Dolphins can locate objects outside of their visual range using echolocation. Dolphins hear the sounds of their clicks reflected back to them. Whereas humans rely on light that is reflected to us, sound waves carry more information to the dolphin.
Sound can give more of a three-dimensional picture than vision. The texture, structure, and material of an object combine to give a unique echo.
Dolphins have large fat deposits in their heads and lower jaws. Whereas most fat deposits are used for metabolic energy, the dolphin’s fat deposits in their head and lower jaw are not.
The skull of the dolphin has shaped throughout time to accommodate these fat deposits, and so scientists believe that these fat deposits are a big part of their echolocation.
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The fat deposits also have a different chemical composition from the other fat in the dolphin’s body.
Dolphins have a melon that is on top of their head in front of their brain. The melon houses the largest of these unique fat deposits.
The other, large deposit of this special fat, is located in the lower jaw where the jaw bone is thin. From the lower jaw, the fat deposit spreads up to the middle ear region.
It is believed that the melon and the lower jaw has a huge part to play in the echolocation used by a dolphin. In particular, it is the fat deposits in the lower jaw and in front of the brain that allows the dolphin to echolocate.
There are several steps to how a dolphin uses these to echolocate. First, the dolphin will make a sound that comes from a tissue complex in the nasal region. This is then transferred through the fat deposit in the melon, focussing the sound into a beam of sound.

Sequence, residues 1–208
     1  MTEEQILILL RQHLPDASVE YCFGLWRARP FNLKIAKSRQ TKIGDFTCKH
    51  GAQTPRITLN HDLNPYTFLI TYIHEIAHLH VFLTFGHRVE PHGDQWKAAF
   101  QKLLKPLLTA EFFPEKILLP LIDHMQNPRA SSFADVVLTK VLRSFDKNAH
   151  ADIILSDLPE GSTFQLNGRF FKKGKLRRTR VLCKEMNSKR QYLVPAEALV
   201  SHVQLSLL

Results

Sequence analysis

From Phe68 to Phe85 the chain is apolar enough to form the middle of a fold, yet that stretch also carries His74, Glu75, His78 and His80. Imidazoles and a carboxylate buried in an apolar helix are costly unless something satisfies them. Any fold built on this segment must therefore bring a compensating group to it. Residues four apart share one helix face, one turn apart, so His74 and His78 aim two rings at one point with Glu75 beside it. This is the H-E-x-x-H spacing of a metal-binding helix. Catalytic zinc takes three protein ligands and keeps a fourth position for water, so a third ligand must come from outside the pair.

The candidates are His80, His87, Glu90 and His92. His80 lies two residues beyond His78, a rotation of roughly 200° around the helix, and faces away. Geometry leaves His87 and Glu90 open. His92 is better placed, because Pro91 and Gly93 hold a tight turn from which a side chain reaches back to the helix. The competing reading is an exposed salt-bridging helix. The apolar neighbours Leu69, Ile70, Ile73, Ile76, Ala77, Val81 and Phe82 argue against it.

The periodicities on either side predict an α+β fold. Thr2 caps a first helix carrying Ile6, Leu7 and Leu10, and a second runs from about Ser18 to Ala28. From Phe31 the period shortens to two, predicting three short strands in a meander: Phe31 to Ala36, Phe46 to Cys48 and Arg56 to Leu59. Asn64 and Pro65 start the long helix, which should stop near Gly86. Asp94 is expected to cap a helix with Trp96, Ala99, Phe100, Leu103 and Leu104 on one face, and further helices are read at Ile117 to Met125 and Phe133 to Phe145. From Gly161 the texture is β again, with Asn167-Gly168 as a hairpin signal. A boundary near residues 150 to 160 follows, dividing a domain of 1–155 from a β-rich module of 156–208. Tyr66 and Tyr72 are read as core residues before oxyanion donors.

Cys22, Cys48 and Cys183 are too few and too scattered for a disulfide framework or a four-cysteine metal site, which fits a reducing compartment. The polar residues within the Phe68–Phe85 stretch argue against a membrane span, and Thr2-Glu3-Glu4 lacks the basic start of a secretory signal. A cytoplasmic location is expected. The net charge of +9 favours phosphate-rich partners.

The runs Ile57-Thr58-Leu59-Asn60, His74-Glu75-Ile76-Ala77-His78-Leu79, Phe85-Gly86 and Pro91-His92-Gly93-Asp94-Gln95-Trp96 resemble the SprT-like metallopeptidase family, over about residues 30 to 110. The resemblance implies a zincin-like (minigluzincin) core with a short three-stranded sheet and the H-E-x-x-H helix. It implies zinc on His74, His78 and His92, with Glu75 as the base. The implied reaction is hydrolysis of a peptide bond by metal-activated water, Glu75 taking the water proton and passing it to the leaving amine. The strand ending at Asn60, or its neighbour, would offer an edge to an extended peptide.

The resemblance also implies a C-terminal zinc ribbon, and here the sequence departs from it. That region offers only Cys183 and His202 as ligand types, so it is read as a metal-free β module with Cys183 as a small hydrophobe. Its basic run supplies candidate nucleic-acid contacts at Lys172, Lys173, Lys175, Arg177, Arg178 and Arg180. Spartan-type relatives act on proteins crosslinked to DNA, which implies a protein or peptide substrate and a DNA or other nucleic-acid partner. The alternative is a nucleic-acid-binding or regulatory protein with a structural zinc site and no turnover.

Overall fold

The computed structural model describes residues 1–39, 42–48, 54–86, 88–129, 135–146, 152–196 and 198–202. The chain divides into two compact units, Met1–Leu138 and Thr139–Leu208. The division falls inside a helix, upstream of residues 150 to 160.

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This beam of sound is directed into the water, and the echoes are received back. The echoes are received in the lower jaw, transferring through the fat deposit to the middle ear and up to the brain for the dolphin to interpret the results. The brain receives nerve impulses that relay the messages of sound.
The resulting echoes take a lot of interpretation, and for this reason, the brain of a dolphin is large for its body size. A large proportion of the dolphin’s brain capacity is used to interpret the results.
Frequencies of Dolphin Sounds
The frequencies of sounds that dolphins produce range from 0.2 to 150 kHz. The higher frequency clicks between 40 and 150 kHz are the sounds used in echolocation, although frequencies up to 130 kHz are most frequently used. The clicks last between 48 and 130 microseconds.
How Fast Do Dolphins Echolocate?
The speed of sound waves traveling through water is much quicker than through air. Through the air, the speed of sound is about 2.9 km/s, whereas, in water, the speed of sound travels about 1.5 km/s. Dolphins use this information to interpret the distance and size of the target.
Do Toothed Whales Use Echolocation?
Toothed whales do use the same methods for echolocation. Toothed whales are the only types of whales to hunt using echolocation. The use of sound waves to hunt their prey means that toothed whales do not have as many teeth as in the past, as they no longer rely on their teeth to capture food.
Do Baleen Whales Use Echolocation?
Baleen whales, such as blue whales and humpback whales have not adapted their sensory capabilities in the same way that dolphins and toothed whales have.
Although some species do emit a sound, the scientist believes that this is more for detecting water depth. This may make their long migrations easier if they can recognize features from previous migrations.
It is a possibility that the sounds and clicks that baleen whales use are a primitive form of echolocation as toothed whales had in the past. In the future, baleen whales may evolve their audio sense to use echolocation.